As to “over-population”…this is an old canard. Over-population is not simply a matter of total numbers of people; it is about total per capita consumption of energy and raw materials. by this measure, WE (in the WEST) are over-populated. The average American consumes 32 times the energy/materials that a Sub-Saharan African does. And it is due to this over-consumption that CO2/GHG pollution (and other by-products of over-consumption, such as resource inequality) is such a problem. I suspect that it is a profound social reluctance on our part to change our standard of living, or mode of living, that preserves this false claim.

    Yes, scientists do make some “bad” things — most often this happens when they prostitute their knowledge to big business, the government, and/or the military. Scientists are human; they want fame, status, recognition too. Throw enough money into this mix, and you will get exploitative science/technology for short term gain, power and profit. This is what economics without ethics can do.

    But Mr. Shahan is right: scientists did not create Climate Change. You are “shooting the messenger” here.

    The CO2 issue has not “split” the environmental movement; curbing CO2 emissions is PERFECTLY in keeping with the traditional goals of decreasing industrial pollution (in all its forms)…It is simply now a multi-purpose goal: cleaner air, less harm to ecosystems AND less warming of the atmosphere.

    Sadly, like may well-meaning folks these days, you were sold a bill of goods (propaganda) and you bought it hook, line and sinker. No worries though…there’s still plenty of time to apply the same skepticism to your information sources as you do to climate science.

    Until that day.

  • Pingback: Tweets that mention How Climate Change Changes Evolution – One Bird’s Story – climate change and environmental news --

  • Climate Change has done to news editors, lazy copy and paste journalists, climatologists, progressivism and all of science itself, what nasty priests did for religion. Meanwhile, the UN had allowed carbon trading to trump 3rd world fresh water relief, starvation rescue and 3rd world education for just over 24 years of climate control instead of needed population control. Nice job. Scientists produced cruise missiles, cancer causing chemicals, land mine technology, nuclear weapons, germ warfare, cluster bombs, strip mining technology, Y2K, Y2Kyoto, deep sea drilling technology and now climate change. And how ironic is it that up until 25 years ago, scientists were condemned for producing planet killing chemicals and making environmentalism necessary in the first place? In his State of the Union Address, President Obama, the leader of the free world, didn’t mention the words Climate Change or EPA once. So why are the thousands of consensus scientists not marching in protest? Continued support of the climate change mistake is hurting everyone and the planet as it splits environmental efforts, alienates support for responsible environmentalism and drags well intentioned progressivism and public intellectualism down with it. History is watching. Remove the CO2 mistake and carry on without the needless and thoughtless CO2 death threats to our children.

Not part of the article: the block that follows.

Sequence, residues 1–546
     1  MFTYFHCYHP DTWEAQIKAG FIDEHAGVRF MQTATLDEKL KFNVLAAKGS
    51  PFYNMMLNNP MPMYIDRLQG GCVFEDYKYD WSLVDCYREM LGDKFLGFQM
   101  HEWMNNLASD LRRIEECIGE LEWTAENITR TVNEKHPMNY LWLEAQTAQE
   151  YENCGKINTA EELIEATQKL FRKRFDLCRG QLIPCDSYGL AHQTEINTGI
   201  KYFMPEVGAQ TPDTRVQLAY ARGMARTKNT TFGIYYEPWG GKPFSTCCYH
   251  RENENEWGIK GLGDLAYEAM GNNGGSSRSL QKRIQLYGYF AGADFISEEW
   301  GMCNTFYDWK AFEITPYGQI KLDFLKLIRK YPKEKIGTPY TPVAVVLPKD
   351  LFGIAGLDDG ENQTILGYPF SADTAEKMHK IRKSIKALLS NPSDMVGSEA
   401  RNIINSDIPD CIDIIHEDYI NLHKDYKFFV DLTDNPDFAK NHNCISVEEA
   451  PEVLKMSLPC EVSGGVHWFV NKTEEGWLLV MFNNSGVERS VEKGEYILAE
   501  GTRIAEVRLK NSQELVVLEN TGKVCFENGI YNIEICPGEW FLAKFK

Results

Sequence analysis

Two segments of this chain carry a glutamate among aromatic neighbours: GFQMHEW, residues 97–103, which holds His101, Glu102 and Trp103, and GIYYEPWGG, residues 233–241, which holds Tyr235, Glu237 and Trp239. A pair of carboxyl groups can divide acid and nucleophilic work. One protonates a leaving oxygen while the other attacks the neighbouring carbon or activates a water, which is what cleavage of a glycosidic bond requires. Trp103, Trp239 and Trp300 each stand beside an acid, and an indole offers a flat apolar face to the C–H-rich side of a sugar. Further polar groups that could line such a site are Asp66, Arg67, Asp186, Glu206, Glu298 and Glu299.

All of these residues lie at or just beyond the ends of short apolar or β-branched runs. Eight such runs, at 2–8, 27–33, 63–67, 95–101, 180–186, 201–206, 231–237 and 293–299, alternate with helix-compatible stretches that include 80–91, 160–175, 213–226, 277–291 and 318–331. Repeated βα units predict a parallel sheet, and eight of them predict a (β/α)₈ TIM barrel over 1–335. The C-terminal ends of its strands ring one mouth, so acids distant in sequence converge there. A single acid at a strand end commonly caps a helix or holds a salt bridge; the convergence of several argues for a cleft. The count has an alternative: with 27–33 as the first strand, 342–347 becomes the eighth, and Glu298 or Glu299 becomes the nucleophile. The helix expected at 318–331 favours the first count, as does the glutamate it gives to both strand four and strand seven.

• Kerny Blake, your continual comments of this sort, which have all been thoroughly debunked, are beyond incorrect. Some of them are so ridiculous, it seems pointless to even show how wrong they are.

      Scientists have not “created” climate change, as I’ve repeated to you many times. They have discovered it throughout the course of decades of thorough research. Just like scientists of the past discovered gravity, heliocentrism, that the world is not flat, etc.

      Thousands of scientists, not only climate scientists have pushed Congress and Obama to take science into consideration more with regards to climate change. And not just climate scientists, but scientists from the leading overarching scientific body in the country.

      Obama not mentioning climate change or global warming was a clear disappointed by many which has been expressed in depth. However, as he has made clear since then, it was no indication of his lack of understanding regarding this issue. It was clearly a political decision to look more centrist, but I and many others would say was a clear failure & horrible choice.

      History is watching, and your children and grandchildren will wonder why some of us (i.e. you) were so slow to catch on and pay attention to the clear science and go forward with the solutions faster.